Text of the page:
Introduction to Transcription

by Jason Amores Sumpter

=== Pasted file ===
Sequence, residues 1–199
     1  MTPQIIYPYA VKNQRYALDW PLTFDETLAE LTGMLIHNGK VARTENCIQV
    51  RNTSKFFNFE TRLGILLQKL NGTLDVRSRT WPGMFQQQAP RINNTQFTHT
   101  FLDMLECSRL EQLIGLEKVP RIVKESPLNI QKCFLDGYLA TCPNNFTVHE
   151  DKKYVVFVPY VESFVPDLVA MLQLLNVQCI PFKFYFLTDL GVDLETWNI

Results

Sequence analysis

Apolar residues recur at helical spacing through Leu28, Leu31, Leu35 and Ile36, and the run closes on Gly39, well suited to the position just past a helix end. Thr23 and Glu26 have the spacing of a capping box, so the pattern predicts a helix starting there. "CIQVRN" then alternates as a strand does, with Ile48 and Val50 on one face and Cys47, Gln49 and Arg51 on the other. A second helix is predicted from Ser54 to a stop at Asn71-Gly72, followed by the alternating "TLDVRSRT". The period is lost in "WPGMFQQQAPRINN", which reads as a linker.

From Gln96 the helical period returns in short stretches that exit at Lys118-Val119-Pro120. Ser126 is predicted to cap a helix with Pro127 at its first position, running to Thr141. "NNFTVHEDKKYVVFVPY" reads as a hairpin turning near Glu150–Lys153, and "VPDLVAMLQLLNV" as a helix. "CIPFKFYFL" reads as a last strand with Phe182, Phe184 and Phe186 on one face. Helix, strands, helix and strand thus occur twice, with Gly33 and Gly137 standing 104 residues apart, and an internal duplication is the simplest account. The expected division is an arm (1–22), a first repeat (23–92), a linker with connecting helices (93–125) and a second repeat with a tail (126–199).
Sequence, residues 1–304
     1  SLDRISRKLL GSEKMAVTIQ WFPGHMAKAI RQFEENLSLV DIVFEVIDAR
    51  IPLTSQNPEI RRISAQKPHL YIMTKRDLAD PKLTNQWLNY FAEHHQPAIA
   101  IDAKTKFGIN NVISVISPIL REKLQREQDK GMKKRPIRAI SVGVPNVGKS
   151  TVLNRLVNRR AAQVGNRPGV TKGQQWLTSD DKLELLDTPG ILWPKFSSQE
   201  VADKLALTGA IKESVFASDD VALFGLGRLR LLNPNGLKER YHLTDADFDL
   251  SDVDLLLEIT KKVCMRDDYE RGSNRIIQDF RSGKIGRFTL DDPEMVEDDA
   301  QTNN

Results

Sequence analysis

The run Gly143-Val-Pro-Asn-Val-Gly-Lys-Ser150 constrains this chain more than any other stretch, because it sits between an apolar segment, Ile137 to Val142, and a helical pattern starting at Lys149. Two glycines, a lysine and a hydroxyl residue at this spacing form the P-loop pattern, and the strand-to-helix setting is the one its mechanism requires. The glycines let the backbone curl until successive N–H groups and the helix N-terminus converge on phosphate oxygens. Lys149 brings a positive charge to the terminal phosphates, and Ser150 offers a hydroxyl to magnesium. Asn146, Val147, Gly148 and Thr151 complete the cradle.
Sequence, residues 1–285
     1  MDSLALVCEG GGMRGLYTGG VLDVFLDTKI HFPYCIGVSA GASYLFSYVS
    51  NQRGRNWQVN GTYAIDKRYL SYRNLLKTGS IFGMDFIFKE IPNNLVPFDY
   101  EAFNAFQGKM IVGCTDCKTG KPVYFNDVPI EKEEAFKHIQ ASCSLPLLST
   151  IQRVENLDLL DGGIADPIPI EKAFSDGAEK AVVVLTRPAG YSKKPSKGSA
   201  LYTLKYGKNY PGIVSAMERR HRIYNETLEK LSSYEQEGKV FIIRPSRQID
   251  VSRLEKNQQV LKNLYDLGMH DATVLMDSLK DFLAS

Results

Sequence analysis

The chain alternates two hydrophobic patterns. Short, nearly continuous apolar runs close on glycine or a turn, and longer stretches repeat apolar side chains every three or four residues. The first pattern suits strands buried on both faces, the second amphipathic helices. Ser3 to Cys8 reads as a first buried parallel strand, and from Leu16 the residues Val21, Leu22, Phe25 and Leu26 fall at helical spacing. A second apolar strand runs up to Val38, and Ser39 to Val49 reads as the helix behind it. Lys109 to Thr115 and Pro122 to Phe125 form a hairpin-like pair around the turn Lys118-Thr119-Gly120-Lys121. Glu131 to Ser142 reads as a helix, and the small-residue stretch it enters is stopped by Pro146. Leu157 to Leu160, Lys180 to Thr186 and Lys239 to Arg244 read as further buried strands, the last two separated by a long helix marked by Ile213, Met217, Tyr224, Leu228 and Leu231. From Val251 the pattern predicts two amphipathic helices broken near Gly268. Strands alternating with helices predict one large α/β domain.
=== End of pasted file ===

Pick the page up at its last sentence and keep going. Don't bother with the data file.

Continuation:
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in this video, we're going to begin our introduction to transcription and so recall from our previous lesson video. That transcription is the process that builds Arna by using the DNA within a gene as the coding template. And so this is the process of building our and a now also recall from our previous lesson videos that genes are really referring to small units of DNA that encode a product. For example, a protein and so genes in order to create a protein will need to be both transcribed and translated. And so here we're talking about the first step of the process, which is transcription being transcribed now, in order to better understand transcription. It's helpful to, uh, describe some specific sequences of DNA that mark where transcription of a gene begins and ends. And so the first ah sequence of DNA that you should note is called the promoter. And so the promoter is a small stretch of DNA sequences where transcription begins, and so the promoter is really just the site where the RNA prelim a race is going to attach, and the RNA preliminaries, um, is going to be the primary enzyme involved in transcription And so the RNA polymerase, as were mentioning down below here, is going to be an enzyme, the primary enzyme that is going to prelim arise or build Arna from scratch and turns out that RNA prelim erases do not need a primer like DNA Polymerase is due on DSO. Arna proliferates does not require primer. And again, we're going to talk a lot. Maura about RNA, polymerase and transcription as we move forward in our course here. But it's important to note that the promoter is going to be the sequence where transcription begins, because this is the site where the RNA polymerase first attach is now. The Terminator, on the other hand, is also going to be a stretch of DNA sequences. But this is where transcription is going to end. And so if we take a look at our image down below, which you'll notice is on the far left, we have a chromosome, a replicated chromosome, which we know consists of DNA and protein. But if you unravel this chromosome, which you'll find is there is DNA in here and some of these DNA, some of this DNA are going to be jeans. They encode a product like a protein. And so if we take a look at a typical gene on zoom into it, which will find is that it's going to have a green region here that we're going to be referring to? Is the promoter and the promoters again? The small stretch of DNA sequences that allows for the are Nepal Emery's to bind, and this pink structure that you see here is the RNA polymerase. This is the primary enzyme involved with transcription, and so the RNA polymerase. What it does is it will bind to the gene specifically at this promoter region. And then the RNA preliminaries will transcribe the coding sequence of this gene and then the Terminator over here at the end. It is, of course, where transcription is going to end, and collectively, the promoter, the coding sequence and the Terminator. Basically, this entire region right here is referred to as the gene. Now, sometimes there are other important sequences that surround a gene, and so it's important to be able to refer to the directionality of those sequences that might be outside of the gene. And what they use are the terms upstream of the gene and downstream of the gene now turns out that downstream of the gene is referring to DNA sequences in the same direction in the same direction as transcription. And so you can see the arrow down here. You can think of little fishies downstream, and the downstream is going to represent, uh, DNA sequences outside of the gene that air in the same direction of transcription. And in this case, because the RNA polymerase binds here, it's going to be transcribing in this direction, and so downstream is in the same direction of transcription. Now the opposite direction is going to be referred to as upstream, and so upstream is going to refer to DNA sequences and the opposite direction of transcription. And so again, the RNA polymerase is binding at the promoter and transcribes in this direction. But upstream of the gene is going to be in the opposite direction of the transcription direction. And so this year concludes our brief introduction to transcription, and as we move forward in our course, we're going to continue to learn Mawr and Maura about transcription, so I'll see you all in our next video